Mark spent one day with the Swim England team at Marshall Street Leisure Centre in Soho, London filming underwater, topside and with his Phantom4Pro drone for the campaign. See @swimengland on Instagram for additional content.

Meditation and swimming

It was five years ago, as mindfulness started to creep onto the periphery of our collective consciousness that I began to wonder if from what people said about meditation and mindfulness that it described the mind-set I experienced after a swim. I was intrigued to find out if they were the same. Before exploring it, the phrases that I associated with mindfulness and meditation were ‘a clear head’ and ‘reduced stress’. These are things that I can remember starting to notice after swims when I was at secondary school, I’d often work out the answer to something or just feel much calmer. Mindfulness is commonly described as a simple form of mediation or mind training. For me, mindfulness is a way of learning to be aware and observe your thoughts (both good and bad) with the aim of not getting caught up and being non-judgemental about them (some days this is easier than others). It’s a chance to step back, learn more about yourself and how your mind works.

Similarities between swimming and mindfulness
As I become more practised, I discovered that the effects are similar to how I felt after a swim, and for me, it’s due to the two main similarities between both activities:

The type of meditation that I learned focuses on breathing and in swimming, breathing is absolutely key. I see this from a coaching point of view, the swimmer who isn’t exhaling properly often fatigues quickly or feels panicky.

Focus on what you’re currently doing
When you swim, there are no other distractions, a rarity in this digital age and we just focus on technique, or times, or the distance we’re swimming i.e. we’re focused on what we’re doing. I’ve found that mindfulness has helped my swimming and swimming has helped my mindfulness, which both in turn help me in everyday life.
— Lucy Lloyd-Roach, Swim England Coach

Mindfulness techniques to try next time you go swimming


  • On front crawl you can count and say out loud your breathing pattern into the water e.g. ‘One’, ‘two’, ‘three’. As you say it out loud, you’ll actually exhale into the water.

  • Swim 200m front crawl, breathing every three strokes for the first 50m, breathe every four strokes to the left for 50m, breathe every five strokes for 50m and finally breathe every four to the right for 50m. Aim for a smooth continual exhalation. If breathing every five strokes is too challenging, switch to breathing everything three strokes on the third 50m.

  • Slow it down – focus on long stretched arm and leg movements rather than making your swim a frantic race.


  • Focus on one key part of your technique, e.g. a strong kick together on breaststroke. As you swim, the brain will start to switch focus to this rather what else it’s been focused on within every day life.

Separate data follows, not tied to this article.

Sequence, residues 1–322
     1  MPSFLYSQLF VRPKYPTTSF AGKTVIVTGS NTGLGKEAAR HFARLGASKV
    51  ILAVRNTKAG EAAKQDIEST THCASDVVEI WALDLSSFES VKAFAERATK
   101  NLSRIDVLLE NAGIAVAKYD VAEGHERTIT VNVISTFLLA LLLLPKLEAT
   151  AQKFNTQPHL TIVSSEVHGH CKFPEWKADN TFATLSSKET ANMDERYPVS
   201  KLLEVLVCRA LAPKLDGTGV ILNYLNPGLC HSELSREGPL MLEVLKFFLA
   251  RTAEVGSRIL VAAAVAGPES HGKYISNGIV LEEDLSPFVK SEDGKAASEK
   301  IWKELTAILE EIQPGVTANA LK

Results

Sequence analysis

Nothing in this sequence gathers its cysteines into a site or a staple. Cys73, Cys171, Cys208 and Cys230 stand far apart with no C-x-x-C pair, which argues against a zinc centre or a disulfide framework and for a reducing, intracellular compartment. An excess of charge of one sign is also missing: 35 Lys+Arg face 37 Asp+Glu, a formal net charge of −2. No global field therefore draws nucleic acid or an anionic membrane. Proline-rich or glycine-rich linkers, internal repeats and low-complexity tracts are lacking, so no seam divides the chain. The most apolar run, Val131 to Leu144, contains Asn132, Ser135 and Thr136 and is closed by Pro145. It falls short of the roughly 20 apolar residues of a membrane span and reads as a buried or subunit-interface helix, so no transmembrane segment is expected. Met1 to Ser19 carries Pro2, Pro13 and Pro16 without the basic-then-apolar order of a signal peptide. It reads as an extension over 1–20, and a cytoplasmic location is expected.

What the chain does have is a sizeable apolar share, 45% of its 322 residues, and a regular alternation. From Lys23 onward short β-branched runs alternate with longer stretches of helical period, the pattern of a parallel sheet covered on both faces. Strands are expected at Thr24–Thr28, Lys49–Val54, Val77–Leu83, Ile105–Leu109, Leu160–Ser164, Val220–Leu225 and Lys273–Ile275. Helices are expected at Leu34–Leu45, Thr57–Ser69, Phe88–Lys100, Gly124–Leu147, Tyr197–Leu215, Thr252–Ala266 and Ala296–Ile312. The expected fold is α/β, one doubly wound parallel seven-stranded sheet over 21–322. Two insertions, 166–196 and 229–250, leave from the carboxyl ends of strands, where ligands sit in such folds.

Counting strokes

  • Try counting the number of strokes per length. What do you notice about your technique? Does it feel the same throughout the length? Does it change from the start to the end of your swim?

Marine Wildlife Summer Filming Trip, Pembrokeshire

  • One car full of kit: underwater FS7, tripod and topside set up, drone and slider.

  • Two dives with a colony of seals and one particularly pretty, playful one.

  • Three 04:30 starts to catch sunrise.

  • Four months talking about this trip….one day to plan logistics and prepare.

  • Five glorious boat trips.

  • Six beautiful west coast sunsets.

  • Seven Phantom4Pro explorations early in the morning and at last light.

  • Eight nights at Castle Ely Mill, Whitland.

  • Nine filming days – meeting scientists, making friends, moving gear around and laughing.

What a trip!

  • Zero Otters spotted (despite our best efforts).

  • 1,200 miles on the road.

  • 31,000 gorgeous puffins thriving on Skomer.

  • Thousands of Manx Shearwaters returning to Skomer under the cover of darkness.

  • Too many drinks enjoying sunset over the Atlantic Ocean at Druidstone.

Pea Soup 'Rocket' - Quick Dispersing Smoke Machine FOR SALE

I bought this smoke machine back in 2013 for some automotive work I was doing at the time. This is a great little machine for special effects - in fact, it was used at the 2012 London Olympics Opening Ceremony!  

Standard Features:
* Compact and robust
* Off power capability
* Water based, non-toxic smoke
* Quick dispersing smoke, ideal for special effects
* Controllable smoke, from a small wisp to a large plume
* Sale comes with a remote lead and a selection of smoke fluid aerosols

* Product code: PS21R
* Size (cm) (L x W x H):  36cm x 14cm x 20cm
* Weight: 6kg
* Heat exchanger wattage: 1,100W
* Power Supply: 230v, 50/60Hz
* Warm up time from cold: 5 mins
* Duration of aerosol at maximum output: 15 mins approx.
* Smoke output: 0 – 180 m3/min. (6,350 ft3/min.) 
* Operation off the mains power supply: Yes

Image credit: © Mark Sharman (showing the 'Rocket' in use)

Image credit: © Mark Sharman (showing the 'Rocket' in use)